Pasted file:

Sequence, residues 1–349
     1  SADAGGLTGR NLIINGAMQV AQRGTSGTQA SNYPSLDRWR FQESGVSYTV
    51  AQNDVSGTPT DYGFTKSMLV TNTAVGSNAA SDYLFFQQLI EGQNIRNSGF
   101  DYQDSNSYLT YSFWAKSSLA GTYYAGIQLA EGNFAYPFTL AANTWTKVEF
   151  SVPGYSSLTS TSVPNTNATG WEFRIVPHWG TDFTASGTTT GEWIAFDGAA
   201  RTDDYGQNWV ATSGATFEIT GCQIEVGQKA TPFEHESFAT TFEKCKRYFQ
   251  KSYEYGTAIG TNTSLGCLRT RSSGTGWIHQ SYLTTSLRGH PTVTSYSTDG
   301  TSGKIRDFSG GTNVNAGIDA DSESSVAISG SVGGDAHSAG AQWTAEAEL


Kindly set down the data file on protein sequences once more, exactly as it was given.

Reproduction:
Sequence, residues 1–349
     1  SADAGGLTGR NLIINGAMQV AQRGTSGTQA SNYPSLDRWR FQESGVSYTV
    51  AQNDVSGTPT DYGFTKSMLV TNTAVGSNAA SDYLFFQQLI EGQNIRNSGF
   101  DYQDSNSYLT YSFWAKSSLA GTYYAGIQLA EGNFAYPFTL AANTWTKVEF
   151  SVPGYSSLTS TSVPNTNATG WEFRIVPHWG TDFTASGTTT GEWIAFDGAA
   201  RTDDYGQNWV ATSGATFEIT GCQIEVGQKA TPFEHESFAT TFEKCKRYFQ
   251  KSYEYGTAIG TNTSLGCLRT RSSGTGWIHQ SYLTTSLRGH PTVTSYSTDG
   301  TSGKIRDFSG GTNVNAGIDA DSESSVAISG SVGGDAHSAG AQWTAEAEL